On Fri, 6 Dec 1996, Jason L Tibbitts III wrote:
> >>>>> "MB" == Michael Brennen <firstname.lastname@example.org> writes:
> MB> I happen to like archive, not archive2, as I don't want my list members
> MB> to have to wade through the ugh of all the headers. Why would it go
> MB> away? Have I missed something?
> First of all, I don't speak for anyone but me. There is, however, a
> consensus among the developers and I believe most of the users that we
> really need to clean things up. The package is kind of messy (although
> progress is being made) and the inclusion of three different archiving
> packages is just confusing to people encountering Majordomo.
No problem with that. I've been with MJ since early 1995, so I understand.
> In addition, everything will eventually be rewritten, and anything that
> isn't rewritten simply won't work well (or at all) in the general
> framework. Of course, if the old archiving program is _completely_
> standalone then there isn't any problem because then it wouldn't depend on
> other pieces of Majordomo. I don't know if it is.
It just replaces archive2 in the aliases, with slightly different options.
> A future version of resend will pass the message off to the archiver itself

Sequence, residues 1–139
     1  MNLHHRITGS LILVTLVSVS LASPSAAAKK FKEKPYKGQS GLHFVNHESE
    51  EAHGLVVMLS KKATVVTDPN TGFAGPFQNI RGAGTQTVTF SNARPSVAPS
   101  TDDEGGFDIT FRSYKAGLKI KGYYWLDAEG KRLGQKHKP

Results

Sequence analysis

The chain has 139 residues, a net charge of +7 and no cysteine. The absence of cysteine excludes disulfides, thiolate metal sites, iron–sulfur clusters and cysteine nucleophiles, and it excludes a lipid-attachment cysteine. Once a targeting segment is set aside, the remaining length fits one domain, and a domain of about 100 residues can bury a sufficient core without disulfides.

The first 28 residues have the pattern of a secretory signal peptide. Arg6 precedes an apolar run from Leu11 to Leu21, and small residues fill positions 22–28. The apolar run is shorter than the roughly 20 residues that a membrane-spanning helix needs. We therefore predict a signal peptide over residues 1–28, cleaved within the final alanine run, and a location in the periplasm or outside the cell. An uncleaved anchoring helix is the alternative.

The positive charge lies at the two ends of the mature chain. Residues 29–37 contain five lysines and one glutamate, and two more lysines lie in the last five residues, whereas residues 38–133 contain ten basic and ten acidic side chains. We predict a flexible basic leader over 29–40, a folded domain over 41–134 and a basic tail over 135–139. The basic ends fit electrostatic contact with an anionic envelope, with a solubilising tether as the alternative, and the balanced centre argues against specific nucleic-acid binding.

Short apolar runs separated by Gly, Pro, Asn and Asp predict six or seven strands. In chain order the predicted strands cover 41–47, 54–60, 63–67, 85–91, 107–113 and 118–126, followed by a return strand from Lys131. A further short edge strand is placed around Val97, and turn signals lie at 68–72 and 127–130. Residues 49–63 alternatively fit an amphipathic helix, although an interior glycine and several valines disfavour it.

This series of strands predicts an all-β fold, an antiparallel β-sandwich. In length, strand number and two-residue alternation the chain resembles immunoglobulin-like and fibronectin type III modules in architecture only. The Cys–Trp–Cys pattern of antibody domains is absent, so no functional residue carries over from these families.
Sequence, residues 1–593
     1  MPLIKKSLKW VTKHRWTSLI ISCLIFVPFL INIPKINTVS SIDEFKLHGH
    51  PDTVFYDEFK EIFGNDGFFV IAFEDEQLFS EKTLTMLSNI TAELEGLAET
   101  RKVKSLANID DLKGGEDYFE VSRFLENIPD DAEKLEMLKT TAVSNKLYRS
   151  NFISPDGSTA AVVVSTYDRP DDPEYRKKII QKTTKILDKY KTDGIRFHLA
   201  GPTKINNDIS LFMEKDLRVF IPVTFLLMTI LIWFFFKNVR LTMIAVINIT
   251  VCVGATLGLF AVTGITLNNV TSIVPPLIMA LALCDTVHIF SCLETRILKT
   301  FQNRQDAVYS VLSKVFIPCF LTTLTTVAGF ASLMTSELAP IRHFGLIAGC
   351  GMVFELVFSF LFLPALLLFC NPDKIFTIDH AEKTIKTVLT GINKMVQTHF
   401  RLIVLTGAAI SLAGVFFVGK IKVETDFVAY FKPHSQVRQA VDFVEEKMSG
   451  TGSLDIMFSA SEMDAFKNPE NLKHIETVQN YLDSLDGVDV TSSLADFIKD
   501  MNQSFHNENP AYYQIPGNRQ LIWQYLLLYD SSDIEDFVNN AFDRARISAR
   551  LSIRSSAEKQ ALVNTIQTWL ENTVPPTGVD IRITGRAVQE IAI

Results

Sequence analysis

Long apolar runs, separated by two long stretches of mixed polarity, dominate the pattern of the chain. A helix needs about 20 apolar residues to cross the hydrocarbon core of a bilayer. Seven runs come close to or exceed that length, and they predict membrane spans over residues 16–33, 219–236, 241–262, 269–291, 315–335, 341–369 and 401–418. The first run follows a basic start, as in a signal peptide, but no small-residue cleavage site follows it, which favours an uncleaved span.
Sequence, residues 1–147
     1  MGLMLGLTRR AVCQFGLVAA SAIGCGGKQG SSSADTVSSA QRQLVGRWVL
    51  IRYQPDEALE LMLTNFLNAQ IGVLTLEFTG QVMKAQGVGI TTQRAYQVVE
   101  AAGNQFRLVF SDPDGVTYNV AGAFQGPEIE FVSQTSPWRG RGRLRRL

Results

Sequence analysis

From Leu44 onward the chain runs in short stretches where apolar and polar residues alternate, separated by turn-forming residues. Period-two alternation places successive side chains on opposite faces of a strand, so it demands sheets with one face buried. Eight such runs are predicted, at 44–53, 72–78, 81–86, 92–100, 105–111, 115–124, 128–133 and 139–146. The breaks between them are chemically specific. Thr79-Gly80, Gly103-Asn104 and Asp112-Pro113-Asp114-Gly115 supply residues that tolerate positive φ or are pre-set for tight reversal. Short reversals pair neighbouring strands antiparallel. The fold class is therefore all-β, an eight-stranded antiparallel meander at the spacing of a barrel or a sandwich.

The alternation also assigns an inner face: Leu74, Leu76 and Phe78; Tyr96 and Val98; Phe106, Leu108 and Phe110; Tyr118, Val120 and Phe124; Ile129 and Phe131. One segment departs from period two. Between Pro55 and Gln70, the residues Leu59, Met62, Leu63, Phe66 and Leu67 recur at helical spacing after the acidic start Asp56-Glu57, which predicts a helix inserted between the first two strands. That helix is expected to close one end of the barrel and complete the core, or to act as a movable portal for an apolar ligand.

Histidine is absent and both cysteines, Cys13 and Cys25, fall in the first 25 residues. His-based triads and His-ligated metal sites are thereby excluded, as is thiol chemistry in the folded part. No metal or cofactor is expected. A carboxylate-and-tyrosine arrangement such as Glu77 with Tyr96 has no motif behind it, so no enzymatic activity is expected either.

> (or perhaps even include the archiver) instead of requiring this to be done
> via aliases. This will have the benefit of including a filtered message
> without things like the message headers and footers and such.
This then would obviate the current versions, and would probably be a good
> The alternative to progress is to straightjacket the maintainers into
> supporting ancient pieces of code in perpetuity. You just aren't going to
> get that with volunteers. A simple solution to being left behind by
> progress is to make certain that the features you need are maintained. You
> can do this by participating (even minimally) in the development process.
> Also, of course, you don't have to upgrade.
I appreciate your point; I was in system software development for 20 years
before launching my own operation two years ago. I follow the development
process, but as a one man operation I have very little time to throw on
development. I wish I did, but I don't.
> As for removing the headers, for the archive to be truly useful you should
> at least keep enough for the file to be read as a folder by a threading
> mail/news reader, and you shouldn't remove any personal headers of any of
> the originators of the messages. So you can basically delete the Received:
> headers and that's about it.
Most of my lists are one way newsletter type lists, and as such the
archives present much better when the receiver can get a cleanly formatted
display when the archive is received. I know what you are saying, but
most of my applications don't really need this.